“No Such Thing as Justice Here”: The Criminalisation of People Arriving to the UK on ‘Small Boats’ - Research Report Launch

Thursday 7 March 2024


Sonali Naik KC

Jennifer Twite

Vicky Taylor

Maddie Harris

Francesca Parks

This event is brought to you by the Garden Court Chambers Immigration and Crime Teams.

Date: Thursday 7 March 2024
Time: 6pm-7:30pm, followed by drinks & networking
Venue: Chambers & Online  
Cost: Free
Areas of Law: Immigration Detention, Asylum and Deportation , Immigration Law , Criminal Defence

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Join us for the launch of the research report:No Such Thing as Justice Here”: The Criminalisation of People Arriving to the UK on ‘Small Boats’.

This report, published by the Centre for Criminology at the University of Oxford and Border Criminologies, shows how people have been imprisoned for their arrival on a ‘small boat’ since the Nationality and Borders Act (2022) came into force. It details the process from sea to prison, and explains how prosecutions under Section 24 ‘illegal arrival’ and Section 25 ‘facilitation’ of the Immigration Act 1971 (as amended) are experienced by those affected. The report shows how people seeking asylum are being imprisoned for their ‘illegal arrival’, as well as victims of trafficking, torture, and children with ongoing age disputes.

Analysis is based on observations of over one hundred hearings where people seeking asylum were prosecuted for their own illegal arrival, or for facilitating the arrival of others through steering the dinghy they travelled on. The report is informed by the detailed casework experience of Humans for Rights Network (HfRN), Captain Support UK, and Refugee Legal Support. It also draws on data collected through Freedom of Information requests, and research interviews with lawyers, interpreters, and people who have been criminalised for crossing the Channel on a ‘small boat’. 

Please click here to access HfRN and Captain Support’s collective fundraiser which will resource casework of criminalised unaccompanied children conducted by HfRN and provide direct support to individuals in prison including social visits conducted by Captain Support. 

This event will be formed by a panel discussion, followed by a discussion. We encourage the attendance of people working in the migrant justice sector broadly. 


Speaker Bios

Sonali Naik KC, Garden Court Chambers (Chair)
Sonali Naik KC specialises in public law cases and in all aspects of immigration, asylum and nationality law and practice. She was appointed King’s Counsel in 2018 and conducts almost exclusively leading work at all levels: the European Court of Human Rights, the Supreme Court, the Court of Appeal, the Administrative Court and the Upper Tribunal in statutory appeals and judicial reviews. She was one of the winners of a Highly Commended Award at the Lawyer Awards 2022 for a pro bono initiative to assist Afghan judges secure UK visas. In 2023, Sonali was listed in The Lawyer magazine’s Hot 100 list, which recognises excellence in the legal profession.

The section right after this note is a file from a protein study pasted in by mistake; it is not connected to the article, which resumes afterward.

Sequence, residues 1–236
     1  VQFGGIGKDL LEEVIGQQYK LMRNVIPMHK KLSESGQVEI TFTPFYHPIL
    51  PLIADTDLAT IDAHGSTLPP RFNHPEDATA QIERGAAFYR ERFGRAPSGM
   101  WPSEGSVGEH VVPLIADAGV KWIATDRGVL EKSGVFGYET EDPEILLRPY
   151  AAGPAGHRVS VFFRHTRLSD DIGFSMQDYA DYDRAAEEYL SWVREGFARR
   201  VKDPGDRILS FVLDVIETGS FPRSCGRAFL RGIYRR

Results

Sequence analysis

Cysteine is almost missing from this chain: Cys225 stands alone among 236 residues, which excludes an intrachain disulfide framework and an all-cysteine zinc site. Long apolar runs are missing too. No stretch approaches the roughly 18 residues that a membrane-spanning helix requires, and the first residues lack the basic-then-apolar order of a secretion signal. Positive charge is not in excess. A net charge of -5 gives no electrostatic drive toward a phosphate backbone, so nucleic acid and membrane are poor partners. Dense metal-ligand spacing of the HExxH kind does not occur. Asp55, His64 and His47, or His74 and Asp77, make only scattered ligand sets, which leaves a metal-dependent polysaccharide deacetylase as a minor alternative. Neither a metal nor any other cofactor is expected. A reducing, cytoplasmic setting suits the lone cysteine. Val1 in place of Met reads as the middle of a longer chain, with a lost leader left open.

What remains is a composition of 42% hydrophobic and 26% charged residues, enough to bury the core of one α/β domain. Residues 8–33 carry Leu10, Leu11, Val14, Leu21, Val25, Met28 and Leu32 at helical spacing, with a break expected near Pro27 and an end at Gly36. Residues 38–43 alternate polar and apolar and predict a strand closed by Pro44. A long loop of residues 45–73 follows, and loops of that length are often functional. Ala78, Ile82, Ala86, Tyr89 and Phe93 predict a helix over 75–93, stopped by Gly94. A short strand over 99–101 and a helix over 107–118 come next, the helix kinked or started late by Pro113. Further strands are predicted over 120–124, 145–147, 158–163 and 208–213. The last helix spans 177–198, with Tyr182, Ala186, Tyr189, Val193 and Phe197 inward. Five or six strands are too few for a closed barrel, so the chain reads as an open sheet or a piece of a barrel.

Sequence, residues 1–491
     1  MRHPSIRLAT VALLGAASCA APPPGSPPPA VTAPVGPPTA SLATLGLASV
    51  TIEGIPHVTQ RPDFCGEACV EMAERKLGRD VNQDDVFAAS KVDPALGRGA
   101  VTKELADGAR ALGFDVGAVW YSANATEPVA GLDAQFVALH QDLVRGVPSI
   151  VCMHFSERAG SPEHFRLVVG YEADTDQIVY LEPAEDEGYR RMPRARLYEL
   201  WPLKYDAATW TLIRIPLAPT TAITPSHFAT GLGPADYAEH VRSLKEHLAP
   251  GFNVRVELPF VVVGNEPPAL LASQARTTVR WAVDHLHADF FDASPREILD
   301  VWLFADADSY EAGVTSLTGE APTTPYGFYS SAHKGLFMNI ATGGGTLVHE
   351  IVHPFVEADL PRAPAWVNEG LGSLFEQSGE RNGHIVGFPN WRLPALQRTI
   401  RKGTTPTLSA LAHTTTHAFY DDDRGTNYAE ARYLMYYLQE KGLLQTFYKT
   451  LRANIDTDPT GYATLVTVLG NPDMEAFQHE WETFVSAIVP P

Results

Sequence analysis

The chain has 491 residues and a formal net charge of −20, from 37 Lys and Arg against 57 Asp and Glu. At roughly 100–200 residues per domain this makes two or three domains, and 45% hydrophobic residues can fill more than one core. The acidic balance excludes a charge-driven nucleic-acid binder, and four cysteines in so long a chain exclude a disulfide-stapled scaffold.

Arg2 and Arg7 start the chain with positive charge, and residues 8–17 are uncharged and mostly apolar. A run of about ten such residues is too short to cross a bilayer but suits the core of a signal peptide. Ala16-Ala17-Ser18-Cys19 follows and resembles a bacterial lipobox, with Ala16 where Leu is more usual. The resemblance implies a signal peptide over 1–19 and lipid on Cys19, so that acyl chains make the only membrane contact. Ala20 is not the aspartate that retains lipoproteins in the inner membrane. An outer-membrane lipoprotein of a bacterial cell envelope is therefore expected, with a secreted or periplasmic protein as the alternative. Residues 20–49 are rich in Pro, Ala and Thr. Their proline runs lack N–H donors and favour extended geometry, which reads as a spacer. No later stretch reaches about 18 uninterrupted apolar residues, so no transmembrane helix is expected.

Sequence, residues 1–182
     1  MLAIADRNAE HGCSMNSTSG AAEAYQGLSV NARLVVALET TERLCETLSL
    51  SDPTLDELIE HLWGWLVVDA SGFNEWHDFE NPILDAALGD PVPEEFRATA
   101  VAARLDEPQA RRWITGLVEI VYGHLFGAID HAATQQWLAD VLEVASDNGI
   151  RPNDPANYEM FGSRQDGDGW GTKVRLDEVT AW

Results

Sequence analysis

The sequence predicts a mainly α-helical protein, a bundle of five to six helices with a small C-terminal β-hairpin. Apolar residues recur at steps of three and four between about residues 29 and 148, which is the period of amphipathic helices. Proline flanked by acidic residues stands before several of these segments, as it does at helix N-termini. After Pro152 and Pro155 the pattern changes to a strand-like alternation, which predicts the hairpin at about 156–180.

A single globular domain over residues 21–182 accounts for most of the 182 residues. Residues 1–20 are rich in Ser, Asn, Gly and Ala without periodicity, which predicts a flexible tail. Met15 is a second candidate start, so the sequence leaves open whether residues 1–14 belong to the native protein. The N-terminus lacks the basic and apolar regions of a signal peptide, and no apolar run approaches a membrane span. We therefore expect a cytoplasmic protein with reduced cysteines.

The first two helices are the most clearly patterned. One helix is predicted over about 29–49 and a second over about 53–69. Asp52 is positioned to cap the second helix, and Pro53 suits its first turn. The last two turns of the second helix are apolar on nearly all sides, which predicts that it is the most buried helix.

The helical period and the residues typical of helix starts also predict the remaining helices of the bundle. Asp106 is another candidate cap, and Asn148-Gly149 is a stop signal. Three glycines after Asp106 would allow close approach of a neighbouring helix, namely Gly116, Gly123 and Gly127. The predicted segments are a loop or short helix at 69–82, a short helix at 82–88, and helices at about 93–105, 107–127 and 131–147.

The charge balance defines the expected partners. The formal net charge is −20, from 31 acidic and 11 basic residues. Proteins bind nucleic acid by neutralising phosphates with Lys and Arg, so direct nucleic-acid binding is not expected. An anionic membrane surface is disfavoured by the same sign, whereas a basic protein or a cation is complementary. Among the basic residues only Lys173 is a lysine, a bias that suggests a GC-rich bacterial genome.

Jennifer Twite, Garden Court Chambers
Jennifer is a specialist in youth justice and children’s rights. Her public law practice involves taking challenges regarding the disclosure of criminal records, criminal-justice-related judicial reviews and community care. Jennifer has been involved in a number of age assessment cases involving unaccompanied age-disputed individuals.

Victoria Taylor, University of Oxford
Vicky Taylor (she/her) is a DPhil candidate at the Centre for Criminology at the University of Oxford, and Associate Director of Border Criminologies. Her PhD research looks at the politics of border policing in and across the English Channel. This project is supervised by Professor Mary Bosworth and supported by the Economic and Social Research Council, and Balliol College's Dervorguilla Scholarship. Vicky holds a BA in Geography from the University of Cambridge (Double First), and an MSc in Refugee and Forced Migration Studies from the University of Oxford (Distinction). Prior to starting her DPhil, she worked as a Senior Researcher in the UK Civil Service (Fast Stream) across the policy areas of asylum, irregular migration, and resettlement.

Maddie Harris, Humans for Rights Network
Maddie Harris is the Director and Founder of Humans for Rights Network (HfRN). HfRN is a need led Human Rights organisation, established to facilitate safety & dignity for people forced to migrate, to advocate for a rights-based approach to the movement of people throughout Northern Europe, and to represent humans whose rights are violated.  We are led and informed by the Migrants we work with and collaborate to address mistreatment and challenge systemic and structural racism & discrimination and the harmful impact of these. Its current focus is on the UK/France border, and on working with those subjected to harm by the hostile immigration policies of the UK government. Maddie has conducted cross border work with people forced to migrate and subjected to hostile border regimes in France and Belgium for almost 10 years, initially as an independent volunteer in Dunkirk, France and Thessaloniki, Greece, before setting up Humans for Rights Network in 2017.

Francesca Parkes, Refugee Legal Support
Francesca Parkes (she/her) is the Northern France Coordinator at Refugee Legal Support. Her work focuses on sharing legal information with people on the move in Calais. For the last year she has been working with asylum seekers criminalised on arrival in the UK. She also coordinates a forum of criminal, immigration and public law practitioners working to support these clients and challenge these practices.

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